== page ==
I realize the limits of this line of thinking, however. Unlike David, I can slip into a crowd and not be visibly different from the rest of the "white" folks around. I'm usually marked only by my voice - while sometimes I can pass linguistically, my stumbling Czech or my practiced English usually give me away.
My fiddle playing also gets comments. Two of the top fiddlers in the bluegrass scene here are Pepa Malina and Stano Paluch, both accomplished musicians with conservatory backgrounds and experience in a variety of musical settings. At a bluegrass workshop outside of Brno in 2005, we were sitting around playing bluegrass fiddle tunes and talking. The specifics have left me, but I still remember being surprised at how these great musicians both said that they feel as if they aren't very good fiddlers, that they don't play this music the way they would like - using ME as an example of someone who is able to play it well, emphasizing especially the rhythmic feel they noticed in my right hand, in my bowing.
Another very able (and conservatory-trained) fiddler, Jirka Králík, stopped me cold as I sat with him playing fiddle tunes this past October. I had just played the opening phrase of the tune "Red Haired Boy," a standard fiddle tune in bluegrass circles. He stopped me, excited: "WAIT! How'd you play that?" We worked over what I had played, and came up with the diagnosis - I was using a bluesy/modal/pentatonic/scale instead of a "normal" major tonal framework, slipping in a G instead of the F# usually found in the first phrase of the tune.
These musical elements are stereotypically "black" - a problematic observation, but one that, like Philip Tagg's analysis (1989) of this sort of characterization, leaves some room for discussion about "racial" identifications and musical style. Interestingly enough, the characteristics I remarked on above remind me of David Koucký's fiddling style, which, like mine, is rougher, less controlled than Pepa's and Jirka's polished finesse. We are both outsiders in a way, but both incorporated into the Czech bluegrass scene. I won't push the parallel too far, but will just say that for all its exclusivity and prickliness, bluegrass, even in its Czech forms, incorporates difference in ways that continue to surprise me.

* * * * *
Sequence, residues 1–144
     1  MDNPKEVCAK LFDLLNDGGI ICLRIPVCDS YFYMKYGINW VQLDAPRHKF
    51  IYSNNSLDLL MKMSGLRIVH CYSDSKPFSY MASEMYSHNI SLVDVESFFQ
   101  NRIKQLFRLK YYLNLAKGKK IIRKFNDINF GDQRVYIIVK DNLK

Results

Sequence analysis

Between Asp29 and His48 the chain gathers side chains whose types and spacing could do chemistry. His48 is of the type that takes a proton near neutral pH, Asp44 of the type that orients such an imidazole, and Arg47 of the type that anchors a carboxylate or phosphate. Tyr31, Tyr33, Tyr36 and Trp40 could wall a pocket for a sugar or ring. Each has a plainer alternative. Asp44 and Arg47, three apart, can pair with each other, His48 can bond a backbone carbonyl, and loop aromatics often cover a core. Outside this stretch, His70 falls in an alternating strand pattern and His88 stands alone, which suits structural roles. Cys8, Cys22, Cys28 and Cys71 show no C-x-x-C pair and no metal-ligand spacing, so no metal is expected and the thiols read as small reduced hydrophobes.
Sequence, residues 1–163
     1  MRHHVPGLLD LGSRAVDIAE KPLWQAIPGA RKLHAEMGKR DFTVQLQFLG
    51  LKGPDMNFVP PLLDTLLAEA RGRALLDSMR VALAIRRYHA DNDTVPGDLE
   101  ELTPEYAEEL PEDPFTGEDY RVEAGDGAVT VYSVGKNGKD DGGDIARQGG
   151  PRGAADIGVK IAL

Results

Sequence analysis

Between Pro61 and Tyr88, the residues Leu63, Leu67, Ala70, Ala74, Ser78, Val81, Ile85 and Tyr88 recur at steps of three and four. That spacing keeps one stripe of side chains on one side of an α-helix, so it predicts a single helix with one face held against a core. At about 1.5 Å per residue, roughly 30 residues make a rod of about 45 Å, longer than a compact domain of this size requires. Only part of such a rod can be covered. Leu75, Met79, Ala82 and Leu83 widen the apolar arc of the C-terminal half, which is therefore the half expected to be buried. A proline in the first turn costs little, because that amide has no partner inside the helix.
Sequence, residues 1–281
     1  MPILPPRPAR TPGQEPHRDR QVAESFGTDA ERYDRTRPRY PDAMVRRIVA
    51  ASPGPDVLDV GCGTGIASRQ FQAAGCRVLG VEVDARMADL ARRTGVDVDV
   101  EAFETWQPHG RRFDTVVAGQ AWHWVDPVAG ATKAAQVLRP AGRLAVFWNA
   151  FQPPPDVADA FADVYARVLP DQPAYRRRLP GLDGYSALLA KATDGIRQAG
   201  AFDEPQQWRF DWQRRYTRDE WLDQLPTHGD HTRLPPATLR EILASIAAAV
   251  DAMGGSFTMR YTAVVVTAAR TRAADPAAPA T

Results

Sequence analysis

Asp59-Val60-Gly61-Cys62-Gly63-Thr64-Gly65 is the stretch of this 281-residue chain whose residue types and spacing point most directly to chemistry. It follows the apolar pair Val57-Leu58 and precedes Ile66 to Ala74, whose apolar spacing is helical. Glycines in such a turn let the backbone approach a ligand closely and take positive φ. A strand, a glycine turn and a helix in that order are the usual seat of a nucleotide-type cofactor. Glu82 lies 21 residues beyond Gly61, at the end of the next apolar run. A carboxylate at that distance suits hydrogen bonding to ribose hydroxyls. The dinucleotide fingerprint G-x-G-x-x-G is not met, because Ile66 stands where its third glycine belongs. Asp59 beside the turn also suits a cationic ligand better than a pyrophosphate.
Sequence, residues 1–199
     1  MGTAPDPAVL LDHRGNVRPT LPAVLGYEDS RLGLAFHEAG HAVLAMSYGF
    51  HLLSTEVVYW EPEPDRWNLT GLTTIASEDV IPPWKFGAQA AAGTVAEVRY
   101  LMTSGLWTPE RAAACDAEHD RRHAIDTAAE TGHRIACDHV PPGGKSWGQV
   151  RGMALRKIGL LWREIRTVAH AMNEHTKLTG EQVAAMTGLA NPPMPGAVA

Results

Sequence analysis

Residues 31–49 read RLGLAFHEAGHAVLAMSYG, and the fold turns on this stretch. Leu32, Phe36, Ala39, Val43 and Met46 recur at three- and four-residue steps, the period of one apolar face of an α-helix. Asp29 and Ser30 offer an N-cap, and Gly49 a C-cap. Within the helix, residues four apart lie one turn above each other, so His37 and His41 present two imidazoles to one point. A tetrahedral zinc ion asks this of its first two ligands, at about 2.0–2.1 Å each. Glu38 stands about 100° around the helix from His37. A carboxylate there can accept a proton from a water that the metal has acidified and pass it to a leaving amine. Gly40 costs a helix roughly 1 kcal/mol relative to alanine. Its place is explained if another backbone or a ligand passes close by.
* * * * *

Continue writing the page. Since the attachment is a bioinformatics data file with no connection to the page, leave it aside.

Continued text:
Joti Rockwell's recent dissertation considers bluegrass as it is constructed by people who perform and consume the music. Rockwell proposes that bluegrass activity is a constellation of individuals in discourse around the central trope, spinning out variations, but maintaining a connection to the core - a typical illustration of flexible, developing tradition. Concluding a section where he describes how much bluegrassers argue about what, in fact, bluegrass itself IS, he says that "as long as the debate continues, people continue listening, and as long as people continue listening, performers continue producing the music under discussion. The debate, then, is an important reason why the genre is alive and can continue to be sustained." (Rockwell 2005, 101)
The concept of tropes is encouraging to me - seeing Czech performances of bluegrass as part of the negotiation of tropes rather than the successful or unsuccessful reproduction of a specific prescriptive genre regime allows for the sort of alternative narratives that Farmelo seeks in redressing Bluegrass historiography. A tropological understanding of bluegrass more readily accepts the sort of narratives about bluegrass that I come across here in Czech Republic - whether it be my stories as a scholar and player, or the ones that David Koucký or his bandmates in BG Cwrkot have to tell. More importantly, understanding bluegrass as a trope poses all of us as active agents in a discourse, as people who are engaged in negotiation of what bluegrass is, not subjects of an abstract idea of genre. That's music, not only to my ears, but also to my conscience.
Lee Bidgood is a doctoral candidate in Critical and Comparative Studies in Music at the University of Virginia. As a Fulbright student grantee in 2002-2003, he was affiliated with the Ethnomusicological program at the Faculty of Humanities at Charles University, and has enjoyed a continued relationship with Dr. Jurková and other scholars. Lee's soon-to-be-finished dissertation is entitled "Locating Identity, Finding America: Performing Bluegrass Music in Czech Republic".
Rockwell, Joti. Drive, Lonesomeness, and the Genre of Bluegrass Music. Doctoral Dissertation. University of Chicago, 2007.
Whisnant, David. All That Is Native and Fine: The Politics of Culture in an American Region Chapel Hill: University of North Carolina Press, 1983.
Farmelo, Alan. "Another History of Bluegrass: The Segregation of American Popular Music, 1820-1900," Popular Music and Society (Spring-Summer 2001), 179-203.
Campbell, Gavin. Music and the Making of a New South. Chapel Hill: University of North Carolina Press, 2004.
Tagg, Philip. "Open Letter: ‘Black Music', ‘Afro-American Music' and ‘European Music', Popular Music, Vol. 8, No. 3, African Music (Oct., 1989), 285-290.